Ropen, by Richard Stevenson
Very like a Pterodactyl or Pteranodon
with shorter wingspan, leathery wings,
sharp reptilian teeth and tail.
Spotted on the islands of Rambutyo
and Umboi, occasionally inland
Papua New Guinea. Perth, Australia.
Can smell a human corpse in a coffin
in a funeral procession or fish
in the hold of a fishing boat; will have
a Mac attack for fast food
and swoop down upon the sloop
or procession with equal aplomb.
Some report a six- or eight-foot wingspan,
some twenty- or thirty-foot. Wider than
a Piper Cub’s wingspan in one report.
Fast flyer too. Don’t wanna have one
drop down on yer deck for a barbecue;
he don’t mind his meat rare or slightly pink
and isn’t fussy about the buns or condiments.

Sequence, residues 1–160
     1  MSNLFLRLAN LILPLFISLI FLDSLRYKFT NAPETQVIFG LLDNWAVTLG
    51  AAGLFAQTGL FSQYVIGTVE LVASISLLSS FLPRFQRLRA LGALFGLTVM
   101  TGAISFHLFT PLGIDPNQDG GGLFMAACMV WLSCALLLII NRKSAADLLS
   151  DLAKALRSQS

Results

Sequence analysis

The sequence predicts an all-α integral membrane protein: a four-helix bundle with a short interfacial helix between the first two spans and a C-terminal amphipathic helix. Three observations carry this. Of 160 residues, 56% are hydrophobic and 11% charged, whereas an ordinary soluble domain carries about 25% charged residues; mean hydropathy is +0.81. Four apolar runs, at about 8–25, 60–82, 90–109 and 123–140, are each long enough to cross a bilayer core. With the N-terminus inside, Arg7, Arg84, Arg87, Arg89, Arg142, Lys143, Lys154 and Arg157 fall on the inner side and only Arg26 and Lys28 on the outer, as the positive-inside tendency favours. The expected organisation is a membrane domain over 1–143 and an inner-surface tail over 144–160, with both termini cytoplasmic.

Face it, the Ropen finds burgers, tube steaks,
humans, small cats and dogs equally delectable.
Best have an AK-47 or small cannon
at hand if you’re gonna eat outdoors.
The Ropen don’t wait for dinner invitations.
He won’t settle for a few burger frisbees
on the fly. Even a pizza discus won’t
appease him. In truth, he prefers dinner on the hoof.
But who knows? Maybe Ropens are better than
turkey or tofurkey. Will fill a freezer or three
with enough protein for Christmas, Easter,
and any number of hallowed/hollow days:
Ropen burgers, Ropen steaks, Ropen
and Rutabaga stew! Ropen soup: so good for you!
Richard Stevenson recently retired from a thirty-year teaching gig at Lethbridge College . His most recent books are Rock, Scissors, Paper: The Clifford Olson Murders, a long poem sequence (Dreaming Big Publications, USA, 2017), and A Gaggle of Geese, haikai poems and sequences (Alba Publications, UK,2017).